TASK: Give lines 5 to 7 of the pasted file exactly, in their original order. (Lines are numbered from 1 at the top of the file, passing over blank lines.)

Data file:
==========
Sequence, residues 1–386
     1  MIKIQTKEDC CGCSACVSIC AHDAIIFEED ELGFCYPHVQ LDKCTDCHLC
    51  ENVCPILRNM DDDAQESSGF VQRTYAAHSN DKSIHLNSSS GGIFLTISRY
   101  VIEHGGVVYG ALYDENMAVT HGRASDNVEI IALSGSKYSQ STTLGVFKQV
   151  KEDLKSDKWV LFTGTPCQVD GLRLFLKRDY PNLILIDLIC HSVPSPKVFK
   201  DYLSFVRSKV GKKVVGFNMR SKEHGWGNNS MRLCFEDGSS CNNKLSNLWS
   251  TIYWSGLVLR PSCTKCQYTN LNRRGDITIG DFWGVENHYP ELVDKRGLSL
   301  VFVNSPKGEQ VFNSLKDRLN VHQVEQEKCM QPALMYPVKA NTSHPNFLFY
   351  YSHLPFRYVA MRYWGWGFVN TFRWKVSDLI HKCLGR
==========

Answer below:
   151  KEDLKSDKWV LFTGTPCQVD GLRLFLKRDY PNLILIDLIC HSVPSPKVFK
   201  DYLSFVRSKV GKKVVGFNMR SKEHGWGNNS MRLCFEDGSS CNNKLSNLWS
   251  TIYWSGLVLR PSCTKCQYTN LNRRGDITIG DFWGVENHYP ELVDKRGLSL